Memorial for 'comfort women' opens in E. China

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A photo shows a memorial museum in Nanjing in commemoration of the comfort women during the World War Ⅱ. [Photo /]

A memorial for "comfort women" during World War II opened to the public in east China's Jiangsu Province on Tuesday.

It is the first memorial in China's mainland dedicated to the group, and was identified by the victims as a military brothel run by the invading Japanese more than 70 years ago.

The memorial in Jiangsu's capital Nanjing covered more than 3,000 square meters and comprised of eight two-storey buildings.

The Japanese took the city, then China's capital, on Dec. 13, 1937, where they killed 300,000 people within six weeks in what was later called as Nanjing Massacre, or the Rape of Nanking.

They opened a brothel for soldiers in the Liji Alley at the end of 1937. It was closed after the Japanese surrendered in 1945 and is now the largest former "comfort station" still standing.

An estimated 200,000 women from China and many others from the Korean Peninsula, the Philippines, Indonesia and some other countries, euphemistically known as "comfort women", were forced into sexual servitude by Japanese troops. Many of them died.

In Nanjing alone, more than 40 military brothels were opened.

In the courtyard of the memorial there are sculptures of three "comfort women", including one who appeared pregnant. The statue is posed with her hand on her belly, seemingly sad and helpless. The woman was Pak Yong-sim from Korea.

Once living in Room 19 of building No. 2, Pak revisited the site on Nov. 21, 2003. She died in 2012.

More than 1,600 articles and 680 photos are on exhibition, including kalium permanganicum given to the memorial by late victim Lei Guiying. The powders were used in the brothel for disinfection.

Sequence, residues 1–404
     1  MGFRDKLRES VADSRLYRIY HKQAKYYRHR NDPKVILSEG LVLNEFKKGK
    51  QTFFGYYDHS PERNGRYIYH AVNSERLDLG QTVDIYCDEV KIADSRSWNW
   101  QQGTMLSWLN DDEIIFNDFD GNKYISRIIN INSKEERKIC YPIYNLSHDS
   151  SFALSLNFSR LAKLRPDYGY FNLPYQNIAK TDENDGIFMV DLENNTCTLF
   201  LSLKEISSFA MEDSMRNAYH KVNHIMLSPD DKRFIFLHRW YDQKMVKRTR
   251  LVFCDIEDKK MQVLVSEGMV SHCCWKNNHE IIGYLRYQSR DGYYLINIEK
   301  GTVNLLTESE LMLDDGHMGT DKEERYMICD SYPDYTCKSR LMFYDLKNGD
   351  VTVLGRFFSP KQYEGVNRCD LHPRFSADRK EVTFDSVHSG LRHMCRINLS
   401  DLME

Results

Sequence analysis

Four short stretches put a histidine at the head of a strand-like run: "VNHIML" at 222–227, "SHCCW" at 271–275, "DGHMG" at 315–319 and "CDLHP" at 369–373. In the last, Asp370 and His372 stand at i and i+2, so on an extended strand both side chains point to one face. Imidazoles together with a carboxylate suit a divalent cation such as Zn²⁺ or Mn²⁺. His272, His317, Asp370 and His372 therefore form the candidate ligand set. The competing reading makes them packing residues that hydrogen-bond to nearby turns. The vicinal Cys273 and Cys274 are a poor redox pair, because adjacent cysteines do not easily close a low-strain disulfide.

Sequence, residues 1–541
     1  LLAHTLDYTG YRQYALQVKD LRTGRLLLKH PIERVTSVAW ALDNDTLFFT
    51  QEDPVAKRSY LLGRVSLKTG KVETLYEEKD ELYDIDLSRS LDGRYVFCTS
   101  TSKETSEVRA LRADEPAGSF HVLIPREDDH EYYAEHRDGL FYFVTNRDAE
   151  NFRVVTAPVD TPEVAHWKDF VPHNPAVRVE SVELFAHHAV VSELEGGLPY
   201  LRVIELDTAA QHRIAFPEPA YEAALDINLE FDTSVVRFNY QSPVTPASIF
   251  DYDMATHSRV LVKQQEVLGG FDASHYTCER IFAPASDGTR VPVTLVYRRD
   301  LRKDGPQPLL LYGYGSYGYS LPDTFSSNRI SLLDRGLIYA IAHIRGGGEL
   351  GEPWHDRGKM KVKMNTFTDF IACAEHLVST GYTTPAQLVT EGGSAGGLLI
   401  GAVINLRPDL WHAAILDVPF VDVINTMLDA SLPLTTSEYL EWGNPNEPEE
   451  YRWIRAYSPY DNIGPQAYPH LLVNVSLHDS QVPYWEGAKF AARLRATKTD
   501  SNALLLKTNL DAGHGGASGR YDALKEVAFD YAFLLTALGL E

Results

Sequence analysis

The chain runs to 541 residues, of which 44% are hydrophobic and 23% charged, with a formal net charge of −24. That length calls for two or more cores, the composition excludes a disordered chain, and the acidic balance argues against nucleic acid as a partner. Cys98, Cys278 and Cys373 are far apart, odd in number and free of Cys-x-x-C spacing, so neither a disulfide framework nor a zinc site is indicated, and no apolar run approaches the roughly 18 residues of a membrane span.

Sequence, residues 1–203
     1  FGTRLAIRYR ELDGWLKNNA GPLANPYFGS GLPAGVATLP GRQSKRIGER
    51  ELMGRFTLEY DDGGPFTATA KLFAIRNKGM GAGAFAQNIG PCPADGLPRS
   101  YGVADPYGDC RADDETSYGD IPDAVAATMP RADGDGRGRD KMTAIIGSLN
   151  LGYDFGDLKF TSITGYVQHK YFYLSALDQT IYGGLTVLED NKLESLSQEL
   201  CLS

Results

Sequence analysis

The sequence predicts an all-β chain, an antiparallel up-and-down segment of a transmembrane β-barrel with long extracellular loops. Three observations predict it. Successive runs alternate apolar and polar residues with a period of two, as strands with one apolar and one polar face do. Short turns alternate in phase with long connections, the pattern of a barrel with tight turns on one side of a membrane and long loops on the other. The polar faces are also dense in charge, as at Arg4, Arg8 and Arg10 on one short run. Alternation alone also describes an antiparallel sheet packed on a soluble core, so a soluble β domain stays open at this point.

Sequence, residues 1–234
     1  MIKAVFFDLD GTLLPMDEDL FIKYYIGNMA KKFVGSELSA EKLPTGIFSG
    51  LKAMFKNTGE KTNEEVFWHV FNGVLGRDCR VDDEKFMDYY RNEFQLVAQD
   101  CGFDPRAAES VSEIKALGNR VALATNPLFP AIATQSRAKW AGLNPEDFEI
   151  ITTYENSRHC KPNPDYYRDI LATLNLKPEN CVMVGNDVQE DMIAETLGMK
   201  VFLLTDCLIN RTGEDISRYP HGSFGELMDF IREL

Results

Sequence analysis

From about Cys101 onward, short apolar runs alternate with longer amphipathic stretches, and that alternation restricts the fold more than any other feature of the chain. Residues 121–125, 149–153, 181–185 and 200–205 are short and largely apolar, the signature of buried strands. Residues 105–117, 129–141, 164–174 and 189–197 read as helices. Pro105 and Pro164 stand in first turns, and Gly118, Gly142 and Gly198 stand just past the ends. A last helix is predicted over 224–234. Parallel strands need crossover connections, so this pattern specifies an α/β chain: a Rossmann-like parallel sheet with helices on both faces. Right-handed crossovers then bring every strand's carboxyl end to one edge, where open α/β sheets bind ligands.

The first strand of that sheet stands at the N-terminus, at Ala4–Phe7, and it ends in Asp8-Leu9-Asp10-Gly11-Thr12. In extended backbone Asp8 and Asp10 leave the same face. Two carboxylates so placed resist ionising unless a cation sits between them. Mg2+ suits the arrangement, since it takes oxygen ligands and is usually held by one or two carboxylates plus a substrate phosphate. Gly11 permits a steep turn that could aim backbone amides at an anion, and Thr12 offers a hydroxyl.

"My mom was raped at the age of nine, and became a 'comfort woman" at 13," said Tang Jiaguo, Lei's adopted son. "She didn't want to talk about her past until 2006, when she testified for the crime of Japanese."

Lei passed away in 2007. In her will she wrote "may the tragedy not be repeated. May there be no more wars."

Another important exhibit was an endoscope used in health checks for the women. There were also condoms with characters on the package that read "violent attack".

Li Bangxian's house was once taken by the Japanese as another "comfort station". "I gave the bed, cabinet and chairs left by the Japanese soldiers to the memorial, so that the world could know what they did in those years," he said.

"For a long time, the history of 'comfort women' was buried," said Su Zhiliang, a professor with the Shanghai Normal University who has been studying the issue for decades. "In recent years, the Japanese made repeated attempts to tamper with history. The move angered many whose countries had been plagued by the 'comfort woman' system. That is why countries like China research and protect the history."

Yun Ju-Keyng from South Korea, president of the history museum Independence Hall of Korea, was one of the 300 plus people present at the opening ceremony on Tuesday.

"This year marks the 70th anniversary of China's victory over Japanese invaders, and also independence of the South Korea," she said. "Denial of the Japanese government over the past crimes hurt the victims, who are elderly now, a second time. China and South Korea should join hands in exposing the atrocities of the Japanese imperial army, so that the former 'comfort women' could live to see the offenders apologize."

China's attempt to have the "comfort women" document, or what is called "sex slaves for Imperial Japanese troops", inscribed in UNESCO's Memory of the World Register failed this year, although the country's nomination of the Nanjing Massacre dossier was inscribed.

The International Advisory Committee of UNESCO's Memory of the World Programme encouraged countries to jointly nominate the "comfort women" files, according to its application guidance, and will review this application in its next meeting in 2017.

"While my mom was alive, she told me that she was going to bear witness until the Japanese fully recognized the fact," said Tang Jiaguo. "Before she died, she said 'I have son, and grandchildren. They will fight for the truth, generation after generation'."

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